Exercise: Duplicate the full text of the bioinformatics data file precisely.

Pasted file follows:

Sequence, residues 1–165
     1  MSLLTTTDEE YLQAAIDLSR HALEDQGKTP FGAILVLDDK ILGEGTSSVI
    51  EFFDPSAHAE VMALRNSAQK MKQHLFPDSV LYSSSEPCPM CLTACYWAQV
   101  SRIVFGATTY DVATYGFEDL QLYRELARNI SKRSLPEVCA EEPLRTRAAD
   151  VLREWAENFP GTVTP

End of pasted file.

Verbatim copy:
Sequence, residues 1–165
     1  MSLLTTTDEE YLQAAIDLSR HALEDQGKTP FGAILVLDDK ILGEGTSSVI
    51  EFFDPSAHAE VMALRNSAQK MKQHLFPDSV LYSSSEPCPM CLTACYWAQV
   101  SRIVFGATTY DVATYGFEDL QLYRELARNI SKRSLPEVCA EEPLRTRAAD
   151  VLREWAENFP GTVTP